Yes, baby will find your breast
Whenever possible, your baby will be placed on your stomach right after birth, and the very first feed will take place within two hours after he is born. You will then see your newborn spontaneously seek the breast by moving his body and turning his head right and left on your chest until he latches on to a nipple. This is a perfectly natural reflex for him, since the scent given off by your nipple is similar to the smell of the amniotic fluid he spent the last nine months swimming in.
Let baby find your nipple on his own without holding his head or pulling him against your breast, which could cause him to pull back. When baby has found your breast, let him nurse as long as he wants. However, if a Caesarean section or other complication prevents you from breastfeeding this soon, don’t worry. The reflex for seeking out a nipple will just be slightly reduced, and you can gently guide your baby towards your breast and place your nipple in front of his mouth to nurse a little later. Just as you need to trust your baby to find your breast, you should also trust him to feed the right number of times each day. This will vary from one baby to another. On average, newborns want to nurse seven to eight times during a 24-hour period, but some demand up to 12 feedings or even more. Trust your baby and simply meet its needs, whether large or small!
Back at the house, you’ll gradually get your bearings and work out how to continue breastfeeding in complete comfort for both yourself and your little one. Although this nurturing relationship is highly personal, there are a few tips that are useful for everyone:
Anticipate and respect your baby’s desires
For the first weeks, it goes without saying that you’ll be constantly close to your baby, so offer the breast every time he wakes up. Don’t wait for baby to cry; instead observe the signsindicating that he wants to nurse: if he turns or raises his head, opens his mouth, sticks out his tongue or sucks whatever he comes into contact with, that means he’s ready to nurse.
Let your baby determine how often and how long to nurse as well. Leave him the freedom to decide without setting a pre-determined interval between feeds. Don’t panic or get impatient, whether a feed lasts 10 minutes or 45: some babies are fast, and others like to take their time. And if your baby is born at term and in good health, there’s no need to wake him up for a feed even if he sleeps for six hours straight or more!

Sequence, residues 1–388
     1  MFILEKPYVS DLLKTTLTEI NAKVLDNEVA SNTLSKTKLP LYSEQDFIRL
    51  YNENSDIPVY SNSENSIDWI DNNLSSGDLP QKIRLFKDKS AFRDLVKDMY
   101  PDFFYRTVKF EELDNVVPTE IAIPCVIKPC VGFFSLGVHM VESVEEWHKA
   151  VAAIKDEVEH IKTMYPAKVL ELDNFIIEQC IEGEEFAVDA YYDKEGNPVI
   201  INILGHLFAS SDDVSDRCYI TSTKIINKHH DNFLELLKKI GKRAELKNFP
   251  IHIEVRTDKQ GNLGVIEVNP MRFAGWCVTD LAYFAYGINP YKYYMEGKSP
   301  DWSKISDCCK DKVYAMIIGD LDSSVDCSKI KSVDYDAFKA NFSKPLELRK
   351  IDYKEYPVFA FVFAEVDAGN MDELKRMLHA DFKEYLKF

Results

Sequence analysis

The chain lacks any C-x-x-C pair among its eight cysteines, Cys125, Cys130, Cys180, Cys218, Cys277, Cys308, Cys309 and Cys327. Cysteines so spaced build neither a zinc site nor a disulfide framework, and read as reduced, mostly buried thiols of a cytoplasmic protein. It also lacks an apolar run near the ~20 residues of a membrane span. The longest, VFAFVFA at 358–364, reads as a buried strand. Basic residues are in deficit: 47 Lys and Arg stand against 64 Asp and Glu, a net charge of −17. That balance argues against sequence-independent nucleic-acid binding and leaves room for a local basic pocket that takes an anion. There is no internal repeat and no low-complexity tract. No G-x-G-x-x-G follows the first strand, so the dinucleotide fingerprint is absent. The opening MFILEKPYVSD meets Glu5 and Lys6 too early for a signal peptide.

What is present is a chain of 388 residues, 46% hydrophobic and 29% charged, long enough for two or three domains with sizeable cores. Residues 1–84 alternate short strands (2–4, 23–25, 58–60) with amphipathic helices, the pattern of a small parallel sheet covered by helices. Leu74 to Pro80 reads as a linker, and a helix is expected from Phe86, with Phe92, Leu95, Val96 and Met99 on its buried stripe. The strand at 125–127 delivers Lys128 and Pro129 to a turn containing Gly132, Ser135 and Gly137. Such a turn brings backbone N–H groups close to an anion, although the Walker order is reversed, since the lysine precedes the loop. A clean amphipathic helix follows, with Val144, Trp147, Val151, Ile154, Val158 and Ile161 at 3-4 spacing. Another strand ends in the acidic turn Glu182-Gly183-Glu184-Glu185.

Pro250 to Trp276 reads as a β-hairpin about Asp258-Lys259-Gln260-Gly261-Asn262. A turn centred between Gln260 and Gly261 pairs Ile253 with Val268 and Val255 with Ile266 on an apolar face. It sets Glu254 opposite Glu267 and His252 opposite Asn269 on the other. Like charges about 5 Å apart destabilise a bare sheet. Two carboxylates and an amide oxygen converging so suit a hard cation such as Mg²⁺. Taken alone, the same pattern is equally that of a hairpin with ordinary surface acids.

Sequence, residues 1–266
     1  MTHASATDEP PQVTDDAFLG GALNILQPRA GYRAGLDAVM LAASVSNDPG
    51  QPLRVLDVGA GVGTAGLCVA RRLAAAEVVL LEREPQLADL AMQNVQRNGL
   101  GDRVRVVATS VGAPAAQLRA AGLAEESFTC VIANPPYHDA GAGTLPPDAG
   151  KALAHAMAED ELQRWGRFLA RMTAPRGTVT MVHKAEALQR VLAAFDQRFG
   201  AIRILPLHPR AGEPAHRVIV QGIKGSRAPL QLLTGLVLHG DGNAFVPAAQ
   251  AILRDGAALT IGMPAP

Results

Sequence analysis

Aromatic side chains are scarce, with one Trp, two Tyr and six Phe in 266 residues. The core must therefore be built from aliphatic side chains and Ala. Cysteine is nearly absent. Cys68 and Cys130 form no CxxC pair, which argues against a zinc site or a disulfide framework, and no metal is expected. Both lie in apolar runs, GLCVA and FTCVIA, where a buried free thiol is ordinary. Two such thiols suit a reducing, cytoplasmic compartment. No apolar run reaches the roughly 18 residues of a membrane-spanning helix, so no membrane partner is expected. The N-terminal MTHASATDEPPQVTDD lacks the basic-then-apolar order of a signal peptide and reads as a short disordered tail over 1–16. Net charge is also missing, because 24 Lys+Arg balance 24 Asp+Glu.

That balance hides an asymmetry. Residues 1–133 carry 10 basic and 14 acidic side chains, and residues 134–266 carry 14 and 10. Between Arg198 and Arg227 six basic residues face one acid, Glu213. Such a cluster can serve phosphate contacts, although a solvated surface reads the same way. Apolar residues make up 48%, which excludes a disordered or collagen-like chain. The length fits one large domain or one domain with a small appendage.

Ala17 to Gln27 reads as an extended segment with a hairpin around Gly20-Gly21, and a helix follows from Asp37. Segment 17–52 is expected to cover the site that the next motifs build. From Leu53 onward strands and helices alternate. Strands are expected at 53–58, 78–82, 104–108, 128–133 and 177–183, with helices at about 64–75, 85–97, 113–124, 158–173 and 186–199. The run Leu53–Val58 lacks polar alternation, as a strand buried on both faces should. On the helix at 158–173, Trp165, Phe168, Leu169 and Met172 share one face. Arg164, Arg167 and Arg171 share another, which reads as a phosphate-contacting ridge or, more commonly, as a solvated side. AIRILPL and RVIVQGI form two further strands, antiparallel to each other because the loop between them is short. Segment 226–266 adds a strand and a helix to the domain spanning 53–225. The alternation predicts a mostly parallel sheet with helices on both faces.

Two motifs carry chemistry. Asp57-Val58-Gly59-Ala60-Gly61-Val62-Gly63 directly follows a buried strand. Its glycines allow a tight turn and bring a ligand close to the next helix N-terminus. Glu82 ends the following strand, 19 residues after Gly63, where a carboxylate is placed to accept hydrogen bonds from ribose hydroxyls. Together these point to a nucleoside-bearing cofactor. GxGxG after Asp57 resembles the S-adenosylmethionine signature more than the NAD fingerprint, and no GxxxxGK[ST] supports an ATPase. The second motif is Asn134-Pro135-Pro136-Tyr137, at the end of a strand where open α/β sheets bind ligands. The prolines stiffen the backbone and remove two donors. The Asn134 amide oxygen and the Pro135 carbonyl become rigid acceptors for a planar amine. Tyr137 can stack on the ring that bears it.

Of course, always remember to wash your hands before nursing. But don’t get carried away with hygiene for your breasts, which would eliminate the antiseptic properties and scent of your nipples and disturb your baby! A shower or two a day is plenty.
Above all, make sure you’re comfortable while nursing. Feeding takes up several hours a day during the first few months, and an uncomfortable position can lead to significant back pain! As much as possible, sit in a quiet spot, either lying on your side with your baby facing you or seated leaning against pillows with your baby lying in your arms or, better, on a nursing pillow. The more attentive you are to your own comfort, the more nursing sessions will be a pleasant break for both you and your baby.
Help your baby find the right position
Even if you have a preference, during the first few weeks, regularly give the baby both breasts to establish your milk supply. Let him finish the first breast before offering the other... which he may or may not take. Then switch at the next feed. Above all, pay attention to his position while breastfeeding.
Your baby should be placed so that his face is facing yours and his mouth level with the nipple; he should not have to turn his head. Then place the nipple in front of baby’s mouth, making sure that his head is tilted backwards. Let him open his mouth wide and latch onto the nipple himself, making sure he latches on to the entire areola, not only the nipple. This is essential to avoid the formation of painful cracks and to ensure productive feedings.
Remove your baby gently from the breast if he doesn’t latch on correctly, then stroke the groove between the nose and upper lip (the philtrum) with your nipple. The baby will reflexively open his mouth wide and you can re-offer the breast in a better position.
Finally, make sure that baby’s chin is be right up against the breast so that his nose is free. With these tips in mind, you can simply enjoy this special time with your baby, without setting any time limits or trying to determine how much milk your baby has swallowed. Your little one knows what he needs!
After nursing, care for your baby and your breasts
After the feeding, if your baby hasn’t fallen asleep, place him upright against your shoulder and gently pat his back in case he needs to burp! If the baby falls asleep, you can put him back to bed without waking him up. You should think of yourself after each feed as well. Applying a specific nursing balm to your nipples will help protect their delicate skin.